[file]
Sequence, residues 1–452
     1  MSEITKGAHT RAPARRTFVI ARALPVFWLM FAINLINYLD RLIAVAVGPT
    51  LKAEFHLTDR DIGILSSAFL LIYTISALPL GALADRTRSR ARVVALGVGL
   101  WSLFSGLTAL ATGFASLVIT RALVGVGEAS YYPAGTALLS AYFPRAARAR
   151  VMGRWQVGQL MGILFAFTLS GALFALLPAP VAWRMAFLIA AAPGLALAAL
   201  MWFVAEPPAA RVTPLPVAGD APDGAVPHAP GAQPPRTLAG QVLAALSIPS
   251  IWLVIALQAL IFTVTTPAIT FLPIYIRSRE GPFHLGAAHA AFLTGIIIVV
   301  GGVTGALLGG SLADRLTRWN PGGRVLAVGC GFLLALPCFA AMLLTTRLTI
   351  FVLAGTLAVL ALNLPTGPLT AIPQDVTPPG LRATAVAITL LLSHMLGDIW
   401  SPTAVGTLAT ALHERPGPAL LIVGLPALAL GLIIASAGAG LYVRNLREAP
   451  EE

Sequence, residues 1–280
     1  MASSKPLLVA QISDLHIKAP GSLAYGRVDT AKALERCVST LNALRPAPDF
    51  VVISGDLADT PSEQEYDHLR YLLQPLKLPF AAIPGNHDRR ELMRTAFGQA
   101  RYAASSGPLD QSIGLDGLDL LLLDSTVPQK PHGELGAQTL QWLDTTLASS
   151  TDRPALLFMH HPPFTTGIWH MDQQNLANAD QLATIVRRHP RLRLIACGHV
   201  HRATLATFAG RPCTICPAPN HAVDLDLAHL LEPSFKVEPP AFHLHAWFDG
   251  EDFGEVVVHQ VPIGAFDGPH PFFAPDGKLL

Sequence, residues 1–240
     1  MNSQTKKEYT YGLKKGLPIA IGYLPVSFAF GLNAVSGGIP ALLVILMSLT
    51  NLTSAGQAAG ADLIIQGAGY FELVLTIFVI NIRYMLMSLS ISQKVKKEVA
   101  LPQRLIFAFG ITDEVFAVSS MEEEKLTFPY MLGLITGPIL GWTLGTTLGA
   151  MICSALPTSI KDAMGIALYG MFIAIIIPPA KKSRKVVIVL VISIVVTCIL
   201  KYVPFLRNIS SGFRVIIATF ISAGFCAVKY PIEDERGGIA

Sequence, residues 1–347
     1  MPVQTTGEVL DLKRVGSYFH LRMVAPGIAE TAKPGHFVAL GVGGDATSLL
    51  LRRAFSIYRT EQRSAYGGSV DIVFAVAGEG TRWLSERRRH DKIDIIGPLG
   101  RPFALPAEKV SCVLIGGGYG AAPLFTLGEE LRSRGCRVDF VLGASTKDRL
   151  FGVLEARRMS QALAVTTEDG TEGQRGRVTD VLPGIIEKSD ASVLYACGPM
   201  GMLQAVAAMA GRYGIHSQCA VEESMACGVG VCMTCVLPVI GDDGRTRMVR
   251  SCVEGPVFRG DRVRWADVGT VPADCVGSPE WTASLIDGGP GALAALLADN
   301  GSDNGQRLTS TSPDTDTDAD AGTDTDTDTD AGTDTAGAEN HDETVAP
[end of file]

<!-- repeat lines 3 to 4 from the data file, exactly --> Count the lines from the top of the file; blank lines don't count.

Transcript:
    51  LKAEFHLTDR DIGILSSAFL LIYTISALPL GALADRTRSR ARVVALGVGL
   101  WSLFSGLTAL ATGFASLVIT RALVGVGEAS YYPAGTALLS AYFPRAARAR